The NDC is the advisory organ to the Egyptian government, generals of the Egyptian army and the heads of the different intelligence services, including the Egyptian intelligence service SSIS (State Security Investigations Service). The SSIS was disbanded in 2011 – in concordance with the demands of the democratisation movement – for having been culpable of torture on a massive scale.
Surveillance Lab Saudi Arabia
At the peak of the Arab Spring in 2011 Fox-IT was involved with the development of the Forensic Lab, a surveillance project of the Saudi Home Office. AGT and the Saudi company TCC (Technology Control Company) were the project leaders. From internal documents it appears the goal of the Lab was to establish a nation-wide surveillance system of all internet and phone traffic.
In addition to two meetings in which Fox-IT participated at the Home Office in Riyad in June and July 2011, they were also at a meeting in Berlin in September 2011 and were invited to the inauguration in November. In these meetings Fox-IT made some proposals for the set-up of the Lab. The involvement of Fox-IT with the project coincided with protests against the Saudi regime and the introduction of new laws that brought about serious limitations to internet freedom.
Fox-IT associates called into question
Several western companies have been called into question in recent years and have been prosecuted for supplying repressive regimes in the Middle East. Among these are some well-known associates of Fox-IT. The Italian company Area SpA, for example, received a fine from the American government in 2014 for evading the American trade embargo.
Area SpA was also prosecuted in 2016 in Italy on suspicions of violating the European embargo and delivering telephone and interception equipment to Assad. Area SpA and Fox-IT gave workshops together in 2007 and 2008 in, among others, Syria, Egypt, Saudi Arabia and the UAE.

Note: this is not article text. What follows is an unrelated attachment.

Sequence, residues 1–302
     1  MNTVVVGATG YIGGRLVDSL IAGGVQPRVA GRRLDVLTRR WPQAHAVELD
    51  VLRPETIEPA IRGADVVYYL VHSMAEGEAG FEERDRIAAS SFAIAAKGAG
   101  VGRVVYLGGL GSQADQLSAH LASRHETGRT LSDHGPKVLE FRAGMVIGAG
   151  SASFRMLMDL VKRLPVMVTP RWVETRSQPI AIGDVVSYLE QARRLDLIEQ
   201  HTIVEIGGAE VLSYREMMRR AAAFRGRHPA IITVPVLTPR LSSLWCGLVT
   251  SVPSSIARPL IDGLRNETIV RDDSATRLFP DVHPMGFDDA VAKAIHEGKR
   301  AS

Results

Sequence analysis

A complaint was filed against a partner of Fox-IT, Utimaco, for complicity in war crimes. The German prosecution office has added the case against Utimaco to a judicial inquiry into crimes in Syria. Fox-IT has been a partner of Utimaco since 2006 and is a reseller of their products.
Further inquiries into Fox-IT?
The truth about the involvement of western companies in the establishment of the surveillance state in different countries in the Middle East has been surfacing more frequently in recent years. Some companies are being prosecuted for supplying to repressive regimes, specifically Syria, years after the fact. Until now Fox-IT was left untouched.
Internal documents and research by Buro Jansen & Janssen cast a new light on the activities of Fox-IT in the Gulf Region. From 2006 onwards, the Middle East was a major market for the sale of especially the FoxReplay and the Fox DataDiode. Further inquiry into possible illegal activity by Fox-IT in the Middle East is certainly warranted.
AIVD is the Dutch Intelligence Service
(Summary in Dutch)
(Dutch summary) (pdf)
– Fox-IT in het Midden-Oosten (Dutch)(pdf)
– Het onderzoek Fox-IT in het Midden-Oosten (Dutch) (pdf)